By Peter Wilson*
Analysis: Replacing the Resource Management Act will take years, the prime minister faces vaccine questions in Parliament and a bill is brought in under urgency to stop the referendum veto on Māori wards.
Air New Zealand apologises for its military contract work and a dispute over ties in Parliament ends up with no one having to wear them.
Environment Minister David Parker has embarked on what will almost certainly be the government's most comprehensive and complex legislative task during its term in office.
He revealed this week how the Resource Management Act is going to be repealed and replaced, and how long it will take.
Three new sets of laws will replace the 30-year-old act, which has been amended hundreds of times. Parker expects it will take two years to fully draft the bills and get them through Parliament, and three to four years before they have any material effect on the housing market.
The act is often blamed for making it difficult to allocate land for housing development but Parker says that can be unfair because it isn't responsible for under-investment in infrastructure - although it might be responsible for delays in decision-making.
All the details are in Jane Patterson's article: RMA change will take years to boost housing supply.
National's reacted by accusing the government of taking too long. Housing and RMA reform spokesperson Nicola Willis told Morning Report "New Zealand can't wait three or four years to make it easier to build houses".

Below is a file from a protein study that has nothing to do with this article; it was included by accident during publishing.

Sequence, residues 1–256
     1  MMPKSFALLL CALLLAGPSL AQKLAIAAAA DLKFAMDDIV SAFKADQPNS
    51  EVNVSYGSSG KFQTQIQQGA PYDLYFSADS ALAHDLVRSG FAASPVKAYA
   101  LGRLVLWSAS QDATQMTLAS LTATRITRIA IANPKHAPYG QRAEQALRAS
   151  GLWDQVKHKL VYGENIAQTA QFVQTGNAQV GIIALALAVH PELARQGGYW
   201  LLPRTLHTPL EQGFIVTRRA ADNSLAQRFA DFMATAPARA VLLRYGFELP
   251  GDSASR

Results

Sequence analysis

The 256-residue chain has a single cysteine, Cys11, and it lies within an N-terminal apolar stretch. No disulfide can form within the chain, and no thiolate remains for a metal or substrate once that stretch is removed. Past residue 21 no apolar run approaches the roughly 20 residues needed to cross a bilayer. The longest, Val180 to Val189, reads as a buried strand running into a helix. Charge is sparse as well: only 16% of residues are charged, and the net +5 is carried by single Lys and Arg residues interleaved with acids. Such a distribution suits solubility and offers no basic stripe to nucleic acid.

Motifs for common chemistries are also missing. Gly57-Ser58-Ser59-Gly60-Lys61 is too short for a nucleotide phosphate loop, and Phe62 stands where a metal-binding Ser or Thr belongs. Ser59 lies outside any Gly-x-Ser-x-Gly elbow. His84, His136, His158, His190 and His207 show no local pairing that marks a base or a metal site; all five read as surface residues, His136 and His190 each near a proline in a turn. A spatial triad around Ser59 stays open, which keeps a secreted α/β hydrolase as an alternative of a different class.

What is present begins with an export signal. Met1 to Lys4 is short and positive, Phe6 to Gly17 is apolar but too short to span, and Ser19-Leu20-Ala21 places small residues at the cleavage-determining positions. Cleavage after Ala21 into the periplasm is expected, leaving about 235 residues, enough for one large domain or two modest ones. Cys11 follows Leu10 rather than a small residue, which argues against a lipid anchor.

Environment spokesman Scott Simpson said Labour was on the wrong path. "For a government that talks a big game on the need for environmental gains it is moving at a snail's pace."
ACT leader David Seymour was sceptical about it making any difference. The plan would deliver "a three-headed hydra - this is the RMA by three other names with the addition of decision-making power for Māori".
Not many people outside central and local government are going to get their heads around the detail of all this, they simply won't have time. Many won't have the inclination either.
With the RMA out of the picture in the immediate future as far as the housing crisis goes, there's an urgent need for other measures to curb soaring prices.
The Reserve Bank made a start this week, announcing it would re-impose loan-to-value restrictions on mortgages from 1 March. First home buyers will have to put up a 20 percent deposit and investors 30 percent.
The restrictions, known as LVRs, were in place before the pandemic and were lifted to help the economic recovery. However, forecasts that prices would fall during lockdown were totally wrong and now Reserve Bank governor Adrian Orr is worried that buyers, particularly investors and speculators, are taking on too much debt. That's a threat to financial stability should prices fall.
Orr is interested in debt-to-income (DTI) restrictions, a potentially more powerful measure which would link the amount of a mortgage to a prospective buyer's income, and he's waiting for a government response on whether DTIs can be added to his toolkit. Finance Minister Grant Robertson has yet to decide on that, and has expressed concern about the impact they could have on first home buyers - usually young couples with relatively low incomes.
Robertson, and Prime Minister Jacinda Ardern, said at Monday's post-cabinet press conference the government was "looking at all the levers" that could be used to help supply and demand for new homes. Robertson has previously said he wants to "tilt the balance" in favour of first home buyers.
Their problem is that the sort of restrictions needed to make it harder for people to borrow money to buy houses and hopefully bring down prices can hurt first home buyers the most.
The finance minister signalled there would be new housing initiatives in his May Budget but wouldn't reveal what they were.